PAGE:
Here's some nauseating news that's less surprising than it should be: A recent study found that a woman who is breastfeeding may be judged as less competent. But it's not just breastfeeding that negatively affects people's perceptions of a woman's ability. Women were ranked lower in perceived competence when evaluators thought they were pregnant, too. And a woman doesn't even have to wait to reproduce to experience this kind of bias. It can happen every month, when she has her period. According to a 2002 study, "a woman who is (perceived as) menstruating is viewed as less competent and is liked less than a woman who is not thought to be menstruating."
While pregnancy, motherhood, and even menstruation have been well studied and are known to negatively affect how competent a woman is thought to be, this study is among the first to look at how breastfeeding changes people's attitudes toward women. The authors wanted to see whether breastfeeding would create the same kind of bias as other signs of female reproductive function (pregnancy, menstruation). They were also interested in whether this had anything to do with the breast as a sexual object.
Here's what they learned, and how they learned it:
The study, "Spoiled Milk: An Experimental Examination of Bias Against Mothers Who Breastfeed", was done last year at the University of Montana, and actually involved three separate studies. All involved college students, none of whom had children of their own.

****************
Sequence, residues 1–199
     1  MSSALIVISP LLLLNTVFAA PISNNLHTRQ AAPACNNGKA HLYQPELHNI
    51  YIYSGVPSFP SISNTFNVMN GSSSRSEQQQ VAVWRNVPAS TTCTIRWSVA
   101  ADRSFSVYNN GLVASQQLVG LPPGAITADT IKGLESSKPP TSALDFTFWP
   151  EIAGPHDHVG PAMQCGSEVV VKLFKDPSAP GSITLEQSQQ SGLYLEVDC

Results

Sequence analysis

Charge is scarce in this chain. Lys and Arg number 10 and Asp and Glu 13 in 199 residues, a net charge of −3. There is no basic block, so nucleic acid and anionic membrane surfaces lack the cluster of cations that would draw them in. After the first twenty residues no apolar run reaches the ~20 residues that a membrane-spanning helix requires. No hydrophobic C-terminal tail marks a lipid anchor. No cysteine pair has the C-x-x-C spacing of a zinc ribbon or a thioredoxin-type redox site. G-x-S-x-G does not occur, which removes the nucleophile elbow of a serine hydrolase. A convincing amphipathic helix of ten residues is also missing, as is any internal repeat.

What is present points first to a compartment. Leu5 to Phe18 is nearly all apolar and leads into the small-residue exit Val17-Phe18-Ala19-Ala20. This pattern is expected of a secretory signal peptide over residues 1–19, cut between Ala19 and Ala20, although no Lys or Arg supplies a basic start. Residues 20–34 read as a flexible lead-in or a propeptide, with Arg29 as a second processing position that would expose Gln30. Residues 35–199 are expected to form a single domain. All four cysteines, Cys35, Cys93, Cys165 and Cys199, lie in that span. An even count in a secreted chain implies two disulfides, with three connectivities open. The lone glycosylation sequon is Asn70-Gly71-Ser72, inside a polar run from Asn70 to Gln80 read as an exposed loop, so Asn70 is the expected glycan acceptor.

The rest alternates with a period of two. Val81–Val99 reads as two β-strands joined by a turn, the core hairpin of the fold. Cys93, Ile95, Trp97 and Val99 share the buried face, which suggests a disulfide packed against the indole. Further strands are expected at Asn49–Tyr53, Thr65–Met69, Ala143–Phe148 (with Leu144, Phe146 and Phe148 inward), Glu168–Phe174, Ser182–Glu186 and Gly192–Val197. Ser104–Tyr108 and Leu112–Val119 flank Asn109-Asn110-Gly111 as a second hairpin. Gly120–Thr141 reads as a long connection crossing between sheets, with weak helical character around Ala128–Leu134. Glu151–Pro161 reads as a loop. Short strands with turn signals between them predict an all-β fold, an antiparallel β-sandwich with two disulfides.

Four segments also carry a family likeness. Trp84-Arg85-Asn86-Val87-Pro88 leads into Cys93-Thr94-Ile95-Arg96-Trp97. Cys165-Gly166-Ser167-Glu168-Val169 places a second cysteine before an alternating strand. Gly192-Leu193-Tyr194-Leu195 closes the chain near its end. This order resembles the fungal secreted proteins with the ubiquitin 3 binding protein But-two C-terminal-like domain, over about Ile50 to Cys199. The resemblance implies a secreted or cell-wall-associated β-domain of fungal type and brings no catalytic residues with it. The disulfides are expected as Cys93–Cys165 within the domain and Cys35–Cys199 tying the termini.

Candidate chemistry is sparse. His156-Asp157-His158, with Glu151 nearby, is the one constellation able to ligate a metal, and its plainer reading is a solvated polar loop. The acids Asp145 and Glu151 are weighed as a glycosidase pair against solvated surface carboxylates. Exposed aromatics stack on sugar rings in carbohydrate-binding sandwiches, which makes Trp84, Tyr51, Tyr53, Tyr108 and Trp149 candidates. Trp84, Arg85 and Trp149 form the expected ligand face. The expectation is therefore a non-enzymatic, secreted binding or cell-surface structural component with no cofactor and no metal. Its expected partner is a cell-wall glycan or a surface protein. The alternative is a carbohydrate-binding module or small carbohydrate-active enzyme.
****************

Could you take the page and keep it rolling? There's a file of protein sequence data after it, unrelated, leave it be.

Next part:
Study 1: Participants were asked to read a resume about Brooke Shields. The resume contained information about her book: 'Out Came The Sun' which described her life as a new mom. In one group, the packed said "she writes about her new role as a mother including her experiences with breastfeeding, bathing and overall care of a new- born." In the other group, the word "breastfeeding" was replaced with "bottle-feeding". Brooke Shields was then rated on a number of traits relating to competence, intelligence and warmth. The bottle-feeding version of Brooke scored higher in all areas except warmth.
Study 2: Participants were shown an advertisement for a cream. In one group, the cream was said to be for "nursing mothers to soothe chaffed nipples after nursing," In the second, for "joggers to soothe chaffed nipples after exercise.". The third group were told the cream was for "women to refresh nipples before intimacy." The woman pictured and the ad were otherwise identical. When asked to rate the competence of the woman in the picture, the woman who was using the cream for post-exercise relief was rated highest, while the breastfeeding mother was rated lowest. The mother who was using the cream for sexual purposes was ranked in the middle.
What does all this bias mean? What can you do about it?
For the 3rd study and a "call to arms," visit Babble.
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